Mud houses, inspired by the science of biomimicry, can be built for as low as P1,500 per square meter, one-storey bungalow type, since building skeleton will utilize bamboo. Soil content in the area will be assessed to study percentage of clay and loam. According to Materum, sand will be introduced depending on the density of clay.

Dala, as a sickly person, embraced vegetarianism after refusing to go under the knife. She pointed out she suffered from various ailments affecting her ovary. “I turned away from a toxic life. I later realized why God through the Bible directed us to eat leafy things, nuts, legumes. With fruits and vegetables you can never go wrong. You just have to observe eating these properly, like eating fruits as fruits and vegetables as is. You can’t mix pineapple with celery. You can’t mix celery with cucumber because of people’s certain reactions to their components,” she pointed out. “And you cannot just mix starchy vegetables with some fruits.”

“Bottom line is you have to respect the nature of the food. You have to understand why certain plants are given the color red, some yellow, some orange. Some are bitter, some pungent, some sour. There is a purpose to everything. It supports the balance in our systems,” Dala further disclosed.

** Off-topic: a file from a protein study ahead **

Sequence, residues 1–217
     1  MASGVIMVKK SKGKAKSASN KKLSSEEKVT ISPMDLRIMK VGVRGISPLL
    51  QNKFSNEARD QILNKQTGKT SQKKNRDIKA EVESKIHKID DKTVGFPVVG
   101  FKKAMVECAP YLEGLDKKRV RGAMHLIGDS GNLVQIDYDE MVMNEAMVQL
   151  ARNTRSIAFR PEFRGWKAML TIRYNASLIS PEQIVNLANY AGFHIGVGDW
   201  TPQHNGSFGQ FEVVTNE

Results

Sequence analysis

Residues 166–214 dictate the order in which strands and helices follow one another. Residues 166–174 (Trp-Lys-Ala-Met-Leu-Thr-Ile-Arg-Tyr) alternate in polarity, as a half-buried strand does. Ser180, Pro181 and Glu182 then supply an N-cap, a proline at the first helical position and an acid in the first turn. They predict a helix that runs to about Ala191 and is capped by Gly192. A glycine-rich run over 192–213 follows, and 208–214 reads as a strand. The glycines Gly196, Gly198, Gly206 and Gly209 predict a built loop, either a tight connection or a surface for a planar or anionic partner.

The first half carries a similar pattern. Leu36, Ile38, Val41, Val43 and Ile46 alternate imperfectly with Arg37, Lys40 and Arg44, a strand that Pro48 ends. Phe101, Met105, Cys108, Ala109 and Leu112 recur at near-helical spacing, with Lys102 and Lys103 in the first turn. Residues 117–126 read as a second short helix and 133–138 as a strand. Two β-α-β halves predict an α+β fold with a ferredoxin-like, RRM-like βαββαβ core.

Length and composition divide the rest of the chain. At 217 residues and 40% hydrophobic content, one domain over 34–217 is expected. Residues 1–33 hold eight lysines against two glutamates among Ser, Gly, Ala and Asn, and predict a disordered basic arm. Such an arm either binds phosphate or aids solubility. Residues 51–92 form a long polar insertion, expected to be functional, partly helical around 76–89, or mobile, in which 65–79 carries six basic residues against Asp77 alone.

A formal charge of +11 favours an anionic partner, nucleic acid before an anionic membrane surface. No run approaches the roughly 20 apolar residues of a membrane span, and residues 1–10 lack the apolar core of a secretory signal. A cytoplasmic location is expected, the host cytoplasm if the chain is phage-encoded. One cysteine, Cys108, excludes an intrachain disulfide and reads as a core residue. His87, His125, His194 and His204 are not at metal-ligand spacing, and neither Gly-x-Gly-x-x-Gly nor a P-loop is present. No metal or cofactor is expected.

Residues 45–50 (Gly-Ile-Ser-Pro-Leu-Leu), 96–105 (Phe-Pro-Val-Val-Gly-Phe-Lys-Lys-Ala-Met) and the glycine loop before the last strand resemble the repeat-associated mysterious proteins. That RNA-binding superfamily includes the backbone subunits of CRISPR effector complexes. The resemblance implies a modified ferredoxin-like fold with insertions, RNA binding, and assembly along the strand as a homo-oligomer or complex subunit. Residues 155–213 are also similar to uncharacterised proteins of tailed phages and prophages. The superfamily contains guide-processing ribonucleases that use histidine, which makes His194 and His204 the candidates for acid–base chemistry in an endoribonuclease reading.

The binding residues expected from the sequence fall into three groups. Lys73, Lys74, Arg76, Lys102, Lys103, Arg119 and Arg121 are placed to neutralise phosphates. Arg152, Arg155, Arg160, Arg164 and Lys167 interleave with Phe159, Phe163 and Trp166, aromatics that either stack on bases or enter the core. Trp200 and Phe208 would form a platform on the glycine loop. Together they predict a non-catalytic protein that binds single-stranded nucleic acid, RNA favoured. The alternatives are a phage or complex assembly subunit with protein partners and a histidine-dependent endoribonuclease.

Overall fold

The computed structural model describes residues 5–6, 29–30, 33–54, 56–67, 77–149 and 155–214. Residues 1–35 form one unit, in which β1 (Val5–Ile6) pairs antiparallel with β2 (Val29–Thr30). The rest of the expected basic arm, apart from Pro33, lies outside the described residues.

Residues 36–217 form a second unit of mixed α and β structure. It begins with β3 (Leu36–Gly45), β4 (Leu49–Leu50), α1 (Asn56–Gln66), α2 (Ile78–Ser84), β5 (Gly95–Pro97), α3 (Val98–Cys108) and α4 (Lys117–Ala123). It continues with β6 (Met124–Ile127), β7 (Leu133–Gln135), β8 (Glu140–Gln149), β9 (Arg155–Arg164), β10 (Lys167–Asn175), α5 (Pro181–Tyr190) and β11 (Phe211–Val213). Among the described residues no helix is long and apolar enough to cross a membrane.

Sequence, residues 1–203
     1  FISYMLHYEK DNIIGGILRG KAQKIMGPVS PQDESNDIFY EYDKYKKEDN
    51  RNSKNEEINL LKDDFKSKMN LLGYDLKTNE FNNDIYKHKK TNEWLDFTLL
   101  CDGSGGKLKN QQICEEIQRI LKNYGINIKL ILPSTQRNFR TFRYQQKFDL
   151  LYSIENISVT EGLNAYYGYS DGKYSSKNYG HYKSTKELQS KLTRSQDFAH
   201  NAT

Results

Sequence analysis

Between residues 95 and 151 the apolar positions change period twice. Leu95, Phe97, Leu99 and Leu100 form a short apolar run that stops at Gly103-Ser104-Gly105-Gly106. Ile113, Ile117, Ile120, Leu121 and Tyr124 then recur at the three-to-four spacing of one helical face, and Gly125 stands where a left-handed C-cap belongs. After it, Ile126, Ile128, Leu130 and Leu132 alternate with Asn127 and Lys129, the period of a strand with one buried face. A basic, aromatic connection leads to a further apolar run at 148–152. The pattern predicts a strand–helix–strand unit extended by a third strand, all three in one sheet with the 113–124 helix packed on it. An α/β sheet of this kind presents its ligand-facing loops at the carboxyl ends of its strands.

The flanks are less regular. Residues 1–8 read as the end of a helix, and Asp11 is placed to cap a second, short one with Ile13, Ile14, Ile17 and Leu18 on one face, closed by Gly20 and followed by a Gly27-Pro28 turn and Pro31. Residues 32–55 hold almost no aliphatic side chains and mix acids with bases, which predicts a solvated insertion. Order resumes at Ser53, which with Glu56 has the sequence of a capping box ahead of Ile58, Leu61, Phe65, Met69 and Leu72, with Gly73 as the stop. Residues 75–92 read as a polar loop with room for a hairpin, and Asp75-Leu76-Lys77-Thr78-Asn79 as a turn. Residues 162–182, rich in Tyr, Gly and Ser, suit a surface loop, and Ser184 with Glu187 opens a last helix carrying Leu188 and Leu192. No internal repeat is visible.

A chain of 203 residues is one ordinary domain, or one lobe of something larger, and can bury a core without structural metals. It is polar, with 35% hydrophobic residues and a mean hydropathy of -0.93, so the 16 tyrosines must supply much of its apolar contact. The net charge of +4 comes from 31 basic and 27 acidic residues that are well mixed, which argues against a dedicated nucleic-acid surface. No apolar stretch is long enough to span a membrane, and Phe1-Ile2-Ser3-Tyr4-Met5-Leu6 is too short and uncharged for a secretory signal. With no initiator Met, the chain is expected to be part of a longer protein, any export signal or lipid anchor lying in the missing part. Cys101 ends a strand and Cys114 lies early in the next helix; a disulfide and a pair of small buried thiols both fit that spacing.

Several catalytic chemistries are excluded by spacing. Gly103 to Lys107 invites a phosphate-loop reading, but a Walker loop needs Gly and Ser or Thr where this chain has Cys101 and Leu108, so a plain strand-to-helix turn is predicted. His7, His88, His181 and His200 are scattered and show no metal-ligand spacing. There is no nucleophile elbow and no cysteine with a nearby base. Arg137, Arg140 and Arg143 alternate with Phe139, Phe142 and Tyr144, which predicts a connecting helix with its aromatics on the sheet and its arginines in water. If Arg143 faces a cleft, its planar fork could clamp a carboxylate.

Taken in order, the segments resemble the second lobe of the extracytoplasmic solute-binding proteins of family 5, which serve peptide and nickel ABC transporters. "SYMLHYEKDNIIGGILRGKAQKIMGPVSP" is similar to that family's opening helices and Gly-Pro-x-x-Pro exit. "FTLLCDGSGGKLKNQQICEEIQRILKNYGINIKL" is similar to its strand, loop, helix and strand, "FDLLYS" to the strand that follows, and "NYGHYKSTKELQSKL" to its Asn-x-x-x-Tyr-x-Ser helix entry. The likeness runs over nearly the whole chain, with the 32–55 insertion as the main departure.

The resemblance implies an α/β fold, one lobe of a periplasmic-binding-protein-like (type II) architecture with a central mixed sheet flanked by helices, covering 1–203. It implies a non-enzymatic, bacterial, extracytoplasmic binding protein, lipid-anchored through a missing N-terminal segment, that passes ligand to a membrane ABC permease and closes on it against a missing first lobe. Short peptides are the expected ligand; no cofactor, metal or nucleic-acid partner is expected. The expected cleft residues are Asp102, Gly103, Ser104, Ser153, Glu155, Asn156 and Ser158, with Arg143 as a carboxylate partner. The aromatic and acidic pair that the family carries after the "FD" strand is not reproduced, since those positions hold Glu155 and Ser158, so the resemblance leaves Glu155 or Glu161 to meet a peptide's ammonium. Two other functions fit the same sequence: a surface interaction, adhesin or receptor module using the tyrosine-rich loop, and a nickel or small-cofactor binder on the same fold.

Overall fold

The only setback among vegan wannabees is the lack of community, Archival, on the other hand, shared.

“Lifestyle change should be a culture. However, you have to create an environment for lifestyle change first. It would be hard to practice at home where you are surrounded by meat-eaters. You also have the tendency to consume what’s available on the table for lack of choice,” he explained.

So aside from social enterprise, Studio 108 is bent on creating a community where yoga enthusiasts can gather and practice soundly the principles and be able to encourage each other to sustain even after undertaking programs.

These are yoga classes: ashtanga, vinyasa, cardio, with weights, for flexibility, suspension. Fitness classes cover aikido, tai chi, belly dancing, hula hoop, and total body workout.

Studio 108 comes with a Detox Bar. Walk-ins are highly encouraged. A three-day detox package pure juicing program at P3,600 includes supply of six detox juices, colon cleanse, supplements for potassium, CoQ10 and probiotics; as well as wellness coaching. For inquiries: (32) 511.3642/513.4088.

The orientation was capped by a meal of interesting dishes like a Little Blue Boy-inspired “bloodless dinuguan.” The traditional pork entrails stew uses pork blood as thickening agent. However, in the vegan sense, coconut meat was used and black beans. Along with other spices, these were pureed in a blender. The sumptuous dish proved to have tasted closely to the native “dinuguan” or “dugu-dugo,” minus the guilt. Other menu items to look forward to: quinoa salad, honeyed sweet potato with muesli, red rice with peas and carrots, among other green, leafy stuff.#